- books/videos: get a head start on the classroom. I'd recommend Bondurant's book. The Drivers Edge also has a CD available with some good stuff on it.

There are a bunch of sites with videos of laps at TWS - most of them bad/wrong to varying degrees. It will always look different when you are there in person, in the drivers seat (not = to the camera angle), making it happen yourself. Also of course different cars have different lines... for example one reason not to go to the master race driving events (oops, I mean PCA) is that they insist on teaching the 911 line and only the 911 line - which for cars with engines in the right place is the dead wrong line. So, any videos shot form that perspective are also wrong for instructional purposes.

This is not a definitive note... just some quick ideas over bfast. The first events are going to be slow anyway - driving sklills are far more important than having a fast car or driving it fast. It's more important to have the car in perfect shape than it is to show up with every possible tool and item. Fortunately, since it's all but a brand new car, you basically don't need very much for your first event. Check the car carefully in advance, get yourself there on time, get some serious sleep the night before.
 

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jwfisher,

If you aren't already booked up, I'd like to catch a ride along in your Elise sometime that weekend. To really get my mouth watering about getting one. Not sure if we have met before at Rick's events, but looking forward to see you all and Elisi at this weekends festivaties:D...

-Frankie-
'02 S4 MaD wAgOn
 

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YAUDI said:
jwfisher,

If you aren't already booked up, I'd like to catch a ride along in your Elise sometime that weekend. To really get my mouth watering about getting one.
Per earlier post, I can't make it this weekend, prior committment. This will be one of the first ones I've missed for a couple of years. :-(

And, I'm not an Elise owner, not yet anyway. Watching to see what happens in late 2005/early 2006 with them... when the car is a little more baked...

However, I'm already signed up for TWS in March.

While we're on the topic, after 20 years of these events I can definitively say that there is enormous advantage to having an instructor with experience in many *different* cars - a broad range of awd, fwd, rwd, etc. That's the kind of instructor who can explain the whys and not just the wheres - about the track, about any car, about teaching anything and any circumstances. I personally would not want an instructor whose main attribute is that he/she owns the same car as I. I'd rather have somebody with a lot more and broader experience.

I call this "multi-denominational", and it's what I look for in an instructor when I take instruction myself (as everybody should). It's also why I absolutely shy away from "xxxx-only" events - aka events set up for and by a particular brand. As an example, I once spent 4 years instructing for a certain well-known bunch in the state who were under the banner of their own brand. Never mind that they were the snottiest bunch I've ever seen in the span of my hobby (of course there were some fabulously great ones, but the majority and the leadership are the worst I've ever seen) - all they'd teach (by policy) was the line that was perfect for their car (and not even all of their cars, just the master race model with the engine all the way in the back - a godawful unnatural position), and the great majority of their instructors knew only this one thing. And many of them were instructors solely because of ownership, many because of their senior number of years in the club (manyh having owned the same thing and only the same thing for 20 years). This type of situation should raise a lot of alarms. Track driving is serious business and it needs to be approached seriously. Take a look at NASA or SCCA instruction and you'll see a very regimented program that turns out very mature and knowledgable drivers: absolutely not a bunch of yahoos just going around the track - emabrrassing themselves with their lack of true knowledge and sloppy lines.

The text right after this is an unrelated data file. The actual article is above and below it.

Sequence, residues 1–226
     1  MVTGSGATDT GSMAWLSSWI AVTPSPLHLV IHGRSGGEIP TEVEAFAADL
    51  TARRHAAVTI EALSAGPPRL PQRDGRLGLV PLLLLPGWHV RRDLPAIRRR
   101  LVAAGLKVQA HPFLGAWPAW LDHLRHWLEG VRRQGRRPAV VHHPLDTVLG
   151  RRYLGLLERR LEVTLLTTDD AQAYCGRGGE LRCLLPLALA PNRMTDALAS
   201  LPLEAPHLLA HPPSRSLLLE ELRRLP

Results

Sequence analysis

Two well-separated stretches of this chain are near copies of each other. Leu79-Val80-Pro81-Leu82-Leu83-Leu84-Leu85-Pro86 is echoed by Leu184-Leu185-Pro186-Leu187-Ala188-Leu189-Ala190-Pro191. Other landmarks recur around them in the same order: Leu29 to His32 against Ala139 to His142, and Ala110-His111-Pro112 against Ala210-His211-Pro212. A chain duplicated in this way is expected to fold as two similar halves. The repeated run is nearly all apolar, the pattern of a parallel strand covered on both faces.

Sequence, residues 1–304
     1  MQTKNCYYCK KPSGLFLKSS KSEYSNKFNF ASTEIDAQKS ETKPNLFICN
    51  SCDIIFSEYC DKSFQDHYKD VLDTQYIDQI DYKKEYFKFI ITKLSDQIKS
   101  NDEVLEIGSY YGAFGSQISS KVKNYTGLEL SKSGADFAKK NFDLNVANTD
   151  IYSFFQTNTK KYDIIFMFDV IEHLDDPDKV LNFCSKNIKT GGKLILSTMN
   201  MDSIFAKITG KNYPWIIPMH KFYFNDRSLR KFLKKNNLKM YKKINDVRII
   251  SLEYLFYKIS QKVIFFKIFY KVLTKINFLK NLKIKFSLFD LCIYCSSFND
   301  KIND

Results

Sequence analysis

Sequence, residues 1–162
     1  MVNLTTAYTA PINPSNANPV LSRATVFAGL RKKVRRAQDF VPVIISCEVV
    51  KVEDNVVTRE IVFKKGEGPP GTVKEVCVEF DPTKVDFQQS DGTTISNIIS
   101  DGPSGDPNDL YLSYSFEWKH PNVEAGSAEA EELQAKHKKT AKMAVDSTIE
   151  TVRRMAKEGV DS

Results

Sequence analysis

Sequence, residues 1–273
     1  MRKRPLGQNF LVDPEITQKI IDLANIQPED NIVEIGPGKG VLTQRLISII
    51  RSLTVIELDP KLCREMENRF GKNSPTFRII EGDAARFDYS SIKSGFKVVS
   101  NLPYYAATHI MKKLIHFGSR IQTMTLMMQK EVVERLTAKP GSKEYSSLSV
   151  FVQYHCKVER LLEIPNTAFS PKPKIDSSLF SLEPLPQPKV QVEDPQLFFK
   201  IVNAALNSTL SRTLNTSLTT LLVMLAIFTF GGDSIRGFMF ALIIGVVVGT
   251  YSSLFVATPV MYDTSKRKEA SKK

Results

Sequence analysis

So, this is why I heartedly recommend TDE - they have the right mindset, the right experience, the right record. This is the best way to get to know your car, or to take it further and become knowledgable in this hobby.
 

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jwfisher said:
Per earlier post, I can't make it this weekend, prior committment. This will be one of the first ones I've missed for a couple of years. :-(

And, I'm not an Elise owner, not yet anyway. Watching to see what happens in late 2005 with them... when the car is a little more baked...

However, I'm already signed up for TWS in March.
Opps, I got wind that there were two instructor bringing Elises, and arbitrarily assumed incorrectly... Yeah, I'd like to see how they hold up to, whole point of buying the Elise is to use as a track toy...

I'm planning for TWS in Mar, hope to see you there...

To add to jwfisher comments. After a few events under my belt with TDE initially, I went around and tried other events, but nothing compared to the great experiences I have had with TDE. The variety of cars, the great mix of instructors, the excellent environment that they try their best to present, I wouldn't take back any of it. I've started back in Sept. of '03, and I've sparingly missed running with these guys. Man, now I gotta find a way to make this weekend get here faster:D...
 

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YAUDI said:
Opps, I got wind that there were two instructor bringing Elises, and arbitrarily assumed incorrectly... Yeah, I'd like to see how they hold up to, whole point of buying the Elise is to use as a track toy...
I'll be there this weekend. I won't be giving rides until Sunday though. I need some time to learn the new car before I take passengers. Just come by and find me. Yellow Elise with LSS and I'll be paddocked up on the skidpad.
 

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JeffersonRaley said:
I'll be there this weekend. I won't be giving rides until Sunday though. I need some time to learn the new car before I take passengers. Just come by and find me. Yellow Elise with LSS and I'll be paddocked up on the skidpad.
Be looking for you on Sunday Jefferson, TIA:)...
 

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JeffersonRaley said:
I'll be there this weekend. I won't be giving rides until Sunday though. I need some time to learn the new car before I take passengers. Just come by and find me. Yellow Elise with LSS and I'll be paddocked up on the skidpad.
Jefferson - you can't take passengers unless you are an instructor... sometimes red folks can too.